The LIBOR rate, which stands for London Interbank Offered Rate, is the basis for many commercial loans, mortgages and other types of debt issues. Not all loans are influenced by this rate, but LIBOR rates information significantly affects the value of the US dollar in open market banking transactions. These transactions increase or decrease the ability to make dollar-valued loans. For instance, the Chicago Mercantile Exchange uses three-month LIBOR rates for Eurodollar contracts. Eurodollar contracts are US currency deposits made in banks anywhere outside the United States, not only in Europe.
If your business needs to make any deposits outside the US or handles any contracts that use LIBOR rates as a basis, it is prudent that you pay close attention to the rate changes. Even if the change is small, it can have a significant impact on the interest payments of loans and the availability of currency for future loans. Before you enter into or issue any loans that use the LIBOR, there are few items to consider:
1. Understand how LIBOR rates affect your business.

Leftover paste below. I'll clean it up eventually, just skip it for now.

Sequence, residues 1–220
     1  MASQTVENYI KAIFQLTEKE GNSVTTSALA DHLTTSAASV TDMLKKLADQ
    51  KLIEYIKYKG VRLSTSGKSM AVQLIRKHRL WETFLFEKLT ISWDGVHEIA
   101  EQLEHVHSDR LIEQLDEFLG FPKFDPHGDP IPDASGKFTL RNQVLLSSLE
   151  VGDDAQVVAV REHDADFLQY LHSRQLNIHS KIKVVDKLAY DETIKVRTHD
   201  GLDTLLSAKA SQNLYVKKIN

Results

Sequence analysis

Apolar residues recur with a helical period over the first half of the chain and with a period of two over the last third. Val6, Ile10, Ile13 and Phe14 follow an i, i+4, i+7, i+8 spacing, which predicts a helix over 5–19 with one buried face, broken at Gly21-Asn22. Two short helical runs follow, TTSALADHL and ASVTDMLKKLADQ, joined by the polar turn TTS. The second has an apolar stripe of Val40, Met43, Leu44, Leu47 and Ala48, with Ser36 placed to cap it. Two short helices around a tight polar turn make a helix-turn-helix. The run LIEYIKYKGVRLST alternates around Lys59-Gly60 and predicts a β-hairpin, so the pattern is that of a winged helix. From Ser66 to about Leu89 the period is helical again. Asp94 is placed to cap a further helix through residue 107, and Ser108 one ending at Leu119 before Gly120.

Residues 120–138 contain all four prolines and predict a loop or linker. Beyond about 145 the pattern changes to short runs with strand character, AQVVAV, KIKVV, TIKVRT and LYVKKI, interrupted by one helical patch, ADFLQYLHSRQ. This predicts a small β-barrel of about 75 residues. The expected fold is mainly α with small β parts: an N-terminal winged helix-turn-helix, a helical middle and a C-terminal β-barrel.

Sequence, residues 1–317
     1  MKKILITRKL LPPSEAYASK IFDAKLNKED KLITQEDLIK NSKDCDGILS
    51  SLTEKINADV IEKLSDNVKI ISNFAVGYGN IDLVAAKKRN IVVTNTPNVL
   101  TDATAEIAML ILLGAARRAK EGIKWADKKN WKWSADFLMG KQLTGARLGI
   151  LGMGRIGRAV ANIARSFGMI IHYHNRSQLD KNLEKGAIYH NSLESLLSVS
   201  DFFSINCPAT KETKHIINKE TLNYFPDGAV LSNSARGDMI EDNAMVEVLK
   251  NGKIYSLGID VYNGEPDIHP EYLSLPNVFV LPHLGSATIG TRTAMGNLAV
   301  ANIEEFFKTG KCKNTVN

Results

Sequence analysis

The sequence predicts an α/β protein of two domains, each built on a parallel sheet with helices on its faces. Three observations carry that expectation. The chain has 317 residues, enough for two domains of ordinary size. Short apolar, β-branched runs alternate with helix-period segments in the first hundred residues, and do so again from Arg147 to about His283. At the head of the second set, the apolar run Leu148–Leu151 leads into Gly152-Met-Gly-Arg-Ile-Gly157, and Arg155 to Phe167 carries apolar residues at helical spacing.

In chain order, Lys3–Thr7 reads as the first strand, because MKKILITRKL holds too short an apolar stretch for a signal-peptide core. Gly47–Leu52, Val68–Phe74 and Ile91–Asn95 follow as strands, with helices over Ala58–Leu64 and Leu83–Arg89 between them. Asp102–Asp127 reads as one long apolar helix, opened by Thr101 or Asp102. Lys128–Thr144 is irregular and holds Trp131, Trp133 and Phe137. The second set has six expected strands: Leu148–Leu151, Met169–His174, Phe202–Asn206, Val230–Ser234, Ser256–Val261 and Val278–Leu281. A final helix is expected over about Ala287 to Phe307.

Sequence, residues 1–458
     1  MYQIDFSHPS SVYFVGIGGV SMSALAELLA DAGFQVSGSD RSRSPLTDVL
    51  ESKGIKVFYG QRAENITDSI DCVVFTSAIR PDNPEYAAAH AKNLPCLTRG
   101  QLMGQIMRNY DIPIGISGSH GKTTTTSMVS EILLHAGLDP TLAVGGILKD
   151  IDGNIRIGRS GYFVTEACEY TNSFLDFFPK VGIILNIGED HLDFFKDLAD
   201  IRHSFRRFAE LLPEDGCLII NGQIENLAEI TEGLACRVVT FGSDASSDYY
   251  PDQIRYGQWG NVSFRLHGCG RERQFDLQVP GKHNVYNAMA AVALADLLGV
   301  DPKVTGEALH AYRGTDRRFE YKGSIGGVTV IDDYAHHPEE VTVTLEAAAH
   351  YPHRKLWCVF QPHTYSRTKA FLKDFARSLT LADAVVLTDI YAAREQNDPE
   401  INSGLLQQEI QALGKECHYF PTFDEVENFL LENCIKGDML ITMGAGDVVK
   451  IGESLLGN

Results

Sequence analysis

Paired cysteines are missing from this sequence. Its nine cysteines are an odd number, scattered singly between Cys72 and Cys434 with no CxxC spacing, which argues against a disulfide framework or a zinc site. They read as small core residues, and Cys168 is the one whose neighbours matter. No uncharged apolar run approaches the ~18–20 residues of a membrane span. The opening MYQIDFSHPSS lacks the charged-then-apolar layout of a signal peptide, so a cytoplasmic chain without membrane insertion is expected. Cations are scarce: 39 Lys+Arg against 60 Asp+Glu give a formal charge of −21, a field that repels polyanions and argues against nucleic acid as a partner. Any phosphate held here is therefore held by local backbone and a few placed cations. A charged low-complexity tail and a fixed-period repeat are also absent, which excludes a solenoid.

2. Monitor the historical LIBOR rates.
3. Contact or find a LIBOR rates provider.
Take LIBOR rates tutorialsBorrowing or lending with the LIBOR rate as the basis for the loan is only prudent if you understand exactly what the LIBOR rate is and how it operates on the global financial markets.
Track the historical and future information of the LIBOR ratesWhile you can't predict exactly what the LIBOR rate will do by looking at the past rate charts, it can help you understand what happens to the rate under a given set of macroeconomic conditions.
Find a LIBOR rates providerIf your business deals in a high volume of LIBOR rate loans, instant information on this rate is imperative. In addition, knowing the real-time LIBOR rate can assist in getting the best loan rate possible for your business if high volume is not a factor.
- Borrowing money from a source that uses LIBOR rates requires that your business pay a higher rate than the LIBOR, as this is how financial institutions make their money. However, the spread, or difference between your business or personal loan and LIBOR rates, establishes the quality of the loan. A large spread makes more money for the issuer and costs the borrower.